Routine and not so routine

Posted July 3, 2011 @ 11:19pm | by Comunidad

Dear Ones:

Since last writing, things have been so routine and quiet, just endless sorting of books and supplies, very routine.  That is.....up until Friday.  John and I took a long hike this morning looking at some of the famous and old churches.  The oldest one is from 1540 and we were both struck by the idea that Columbus invades the Dominican Republic in 1492 and by 1540 there is a Catholic church in Ayacucho.  It is as mystifying to me as the idea that the main frame computer I used to work with was the size of 1/4 block of Minneapolis.  Maybe that analogy is awkward, but so is the idea of conquest.  Anyway, we were wandering back, occasionally using my Spanglish skills to interact with people.  In fact, one young man has worked with Wilber Quispe and his brother Mario so we chatted about Wilber's talents as a weaver.  We were near where we originally met Wilber in 199some-year.  After this we were worming our way through an intensely dense crowd behind the market.  We decided to split up and meet back at the hotel.  John being tall, worked his way to a block ahead in no time. I watched his head float above the energized, increasingly crushing crowd as I pushed through more at the crowd level.

That's the last I saw of him for a while.  I stopped at a pharmacy, and continued pushing through the animated crowd and to the corner going down to our hotel.  There were piles of paper burning in the middle of the street in front of the hotel and college students yelling slogans and running.  The air was more painful to breathe than the usual leaded-gas fumes, high altitude air we breathed on our way out earlier.  As I entered the hotel, the police shot another tear gas grenade in my general direction, because that's where the protesting students had run towards.  I was caught.

I found out John was washing his eyes out in his room while I stood on tiptoe and watched out the barred doors lobby windows at the students lob rocks at the police, often using a slingshot.  Why did the police start it all with the tear gas?  Or did they?  The student anger seemed righteous to me at a gut level, and I momentarily wanted to help them hurl rocks at the m.f. fuzz, damn my peace fulfilling desires.  But wait!  What am I so pissed about?  Turns out wanting a new precept at the university is the gripe.  That's not enough to get me going.  I would need a full state government shutdown to muster up the requisite rage.  Hours later the crowd was dispersed, while pepper spray echos hung in the air.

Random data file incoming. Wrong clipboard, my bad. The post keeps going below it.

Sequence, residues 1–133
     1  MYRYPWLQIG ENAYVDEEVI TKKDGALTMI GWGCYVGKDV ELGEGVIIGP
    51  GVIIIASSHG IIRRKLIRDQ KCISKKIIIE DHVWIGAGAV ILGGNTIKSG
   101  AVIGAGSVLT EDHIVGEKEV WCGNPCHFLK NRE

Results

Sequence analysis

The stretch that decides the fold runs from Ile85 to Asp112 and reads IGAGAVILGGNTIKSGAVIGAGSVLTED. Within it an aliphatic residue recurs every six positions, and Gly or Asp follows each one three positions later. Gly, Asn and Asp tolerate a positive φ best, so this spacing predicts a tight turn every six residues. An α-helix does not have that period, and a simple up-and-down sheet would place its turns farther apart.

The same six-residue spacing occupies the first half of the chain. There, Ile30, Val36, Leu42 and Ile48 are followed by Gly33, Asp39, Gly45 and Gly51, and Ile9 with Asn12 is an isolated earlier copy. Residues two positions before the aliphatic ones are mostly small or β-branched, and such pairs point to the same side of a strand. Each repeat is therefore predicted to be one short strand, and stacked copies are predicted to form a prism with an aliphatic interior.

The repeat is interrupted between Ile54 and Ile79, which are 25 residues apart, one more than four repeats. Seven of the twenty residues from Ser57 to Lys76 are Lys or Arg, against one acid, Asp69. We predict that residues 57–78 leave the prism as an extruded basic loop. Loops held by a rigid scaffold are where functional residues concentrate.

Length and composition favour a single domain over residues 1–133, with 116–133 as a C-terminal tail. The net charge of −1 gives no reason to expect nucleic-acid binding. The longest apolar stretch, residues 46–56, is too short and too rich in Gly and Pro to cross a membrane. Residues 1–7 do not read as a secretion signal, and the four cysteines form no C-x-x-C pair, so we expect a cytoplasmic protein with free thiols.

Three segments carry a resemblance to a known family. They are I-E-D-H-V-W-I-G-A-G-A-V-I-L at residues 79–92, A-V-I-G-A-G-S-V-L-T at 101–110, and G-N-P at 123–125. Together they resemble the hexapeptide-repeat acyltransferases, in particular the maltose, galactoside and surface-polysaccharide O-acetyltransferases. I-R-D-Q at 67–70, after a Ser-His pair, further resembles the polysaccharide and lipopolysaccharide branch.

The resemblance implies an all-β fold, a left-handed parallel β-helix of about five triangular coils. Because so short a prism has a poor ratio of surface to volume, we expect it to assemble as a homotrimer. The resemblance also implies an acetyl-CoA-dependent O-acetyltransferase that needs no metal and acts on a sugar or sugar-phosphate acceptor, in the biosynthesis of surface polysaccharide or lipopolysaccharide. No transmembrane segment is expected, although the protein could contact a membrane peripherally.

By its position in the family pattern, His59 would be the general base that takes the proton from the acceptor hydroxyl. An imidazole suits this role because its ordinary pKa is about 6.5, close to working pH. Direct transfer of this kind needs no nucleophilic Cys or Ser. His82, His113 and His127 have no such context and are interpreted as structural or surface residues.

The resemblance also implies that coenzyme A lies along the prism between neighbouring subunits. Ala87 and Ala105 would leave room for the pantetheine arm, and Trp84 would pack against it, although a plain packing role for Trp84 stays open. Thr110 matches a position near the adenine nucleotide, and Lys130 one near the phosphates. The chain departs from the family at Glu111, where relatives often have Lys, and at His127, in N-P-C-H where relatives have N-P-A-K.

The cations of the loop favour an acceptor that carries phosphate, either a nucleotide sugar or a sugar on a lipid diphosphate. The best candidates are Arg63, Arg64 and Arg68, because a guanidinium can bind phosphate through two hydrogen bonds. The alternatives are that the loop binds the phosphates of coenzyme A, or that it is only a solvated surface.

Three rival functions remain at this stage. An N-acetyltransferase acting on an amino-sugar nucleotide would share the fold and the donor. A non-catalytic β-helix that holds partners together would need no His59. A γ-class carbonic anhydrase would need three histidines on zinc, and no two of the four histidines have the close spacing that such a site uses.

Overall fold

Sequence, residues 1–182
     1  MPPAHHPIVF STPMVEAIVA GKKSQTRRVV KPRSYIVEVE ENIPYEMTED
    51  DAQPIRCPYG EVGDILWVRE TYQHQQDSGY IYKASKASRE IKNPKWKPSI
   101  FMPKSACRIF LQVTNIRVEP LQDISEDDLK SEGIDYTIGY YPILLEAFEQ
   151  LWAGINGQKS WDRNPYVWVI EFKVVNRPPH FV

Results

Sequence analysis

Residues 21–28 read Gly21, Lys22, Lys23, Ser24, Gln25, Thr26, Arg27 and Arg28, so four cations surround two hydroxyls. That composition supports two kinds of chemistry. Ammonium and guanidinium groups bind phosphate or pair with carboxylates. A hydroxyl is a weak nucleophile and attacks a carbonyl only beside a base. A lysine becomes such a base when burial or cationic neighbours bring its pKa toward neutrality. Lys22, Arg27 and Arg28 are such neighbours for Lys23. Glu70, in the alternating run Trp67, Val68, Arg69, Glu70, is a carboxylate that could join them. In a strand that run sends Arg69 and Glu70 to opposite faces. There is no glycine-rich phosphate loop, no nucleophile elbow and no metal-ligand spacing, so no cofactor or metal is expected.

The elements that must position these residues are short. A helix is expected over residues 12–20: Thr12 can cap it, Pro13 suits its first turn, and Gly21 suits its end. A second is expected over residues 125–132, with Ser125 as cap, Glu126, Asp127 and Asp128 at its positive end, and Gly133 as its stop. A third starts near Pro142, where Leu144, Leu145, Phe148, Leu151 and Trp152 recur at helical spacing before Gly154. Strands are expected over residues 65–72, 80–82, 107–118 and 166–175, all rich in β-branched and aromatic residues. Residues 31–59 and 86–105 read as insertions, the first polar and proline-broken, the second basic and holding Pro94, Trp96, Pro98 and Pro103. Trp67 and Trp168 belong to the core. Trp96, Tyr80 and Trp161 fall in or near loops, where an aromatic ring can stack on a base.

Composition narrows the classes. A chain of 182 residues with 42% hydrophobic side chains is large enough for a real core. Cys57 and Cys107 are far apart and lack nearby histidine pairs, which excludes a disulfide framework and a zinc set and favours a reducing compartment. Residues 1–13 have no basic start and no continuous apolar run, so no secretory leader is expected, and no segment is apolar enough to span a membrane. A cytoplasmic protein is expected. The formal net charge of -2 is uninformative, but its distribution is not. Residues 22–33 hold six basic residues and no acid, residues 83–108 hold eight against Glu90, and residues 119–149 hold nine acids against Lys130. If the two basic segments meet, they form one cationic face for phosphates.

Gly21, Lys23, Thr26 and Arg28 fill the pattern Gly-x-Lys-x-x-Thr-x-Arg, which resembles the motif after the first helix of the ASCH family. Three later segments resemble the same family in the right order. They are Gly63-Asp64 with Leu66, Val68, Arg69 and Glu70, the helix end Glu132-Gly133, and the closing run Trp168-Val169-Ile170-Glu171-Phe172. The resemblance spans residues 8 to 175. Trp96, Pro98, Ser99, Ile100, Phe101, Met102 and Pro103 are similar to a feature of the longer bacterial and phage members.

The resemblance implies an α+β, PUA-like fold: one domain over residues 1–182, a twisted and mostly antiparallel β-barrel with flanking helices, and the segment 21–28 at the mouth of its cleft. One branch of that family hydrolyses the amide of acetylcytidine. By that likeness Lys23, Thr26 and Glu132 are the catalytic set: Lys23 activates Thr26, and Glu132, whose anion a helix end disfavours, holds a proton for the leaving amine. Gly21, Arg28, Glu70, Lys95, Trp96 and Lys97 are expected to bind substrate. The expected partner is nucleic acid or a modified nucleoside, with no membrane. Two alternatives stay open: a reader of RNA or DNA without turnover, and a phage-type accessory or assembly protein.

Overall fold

In the evening we went in our tennis shoes and blue jeans to a formal dinner for the changing of presidents in the Ayacucho Rotary Club.  The new president is Braulio, none other than our retired ag prof that is meeting us in Culluhuanca on Tuesday morning to assess initially new tractor feasibility.  The formal invitation said happy hour was at 6:00.  We were not going to be fooled; we purposefully arrived at 6:30, so as not to be the nerdy punctual gringos.  Guess what?  We were still the first by half an hour!  Until 8:00 the formally clad guests arrived and we stood out like turds in a punch bowl.  Nevertheless, a few pisco sours enhanced my translating skills and comedic abilities enough to wrangle us a lunch invitation for Saturday at Carlos and Ally's house.  A good time was had by all.

Now a weekend ahead where Jose will join us in John Kremer's room to accompany us as interpreter and expert in his own right around mountain agriculture; and Mey will join my room as a representative of Comunidad (she is wife of Humberto and a teacher herself).  We will set out Monday morning for the villages and the best part of this all.  I have the usual Ayacucho head cold now settled deep in my chest where grief lives.  I know the village is where the cure for grief and grippe resides.  Will update upon our return!


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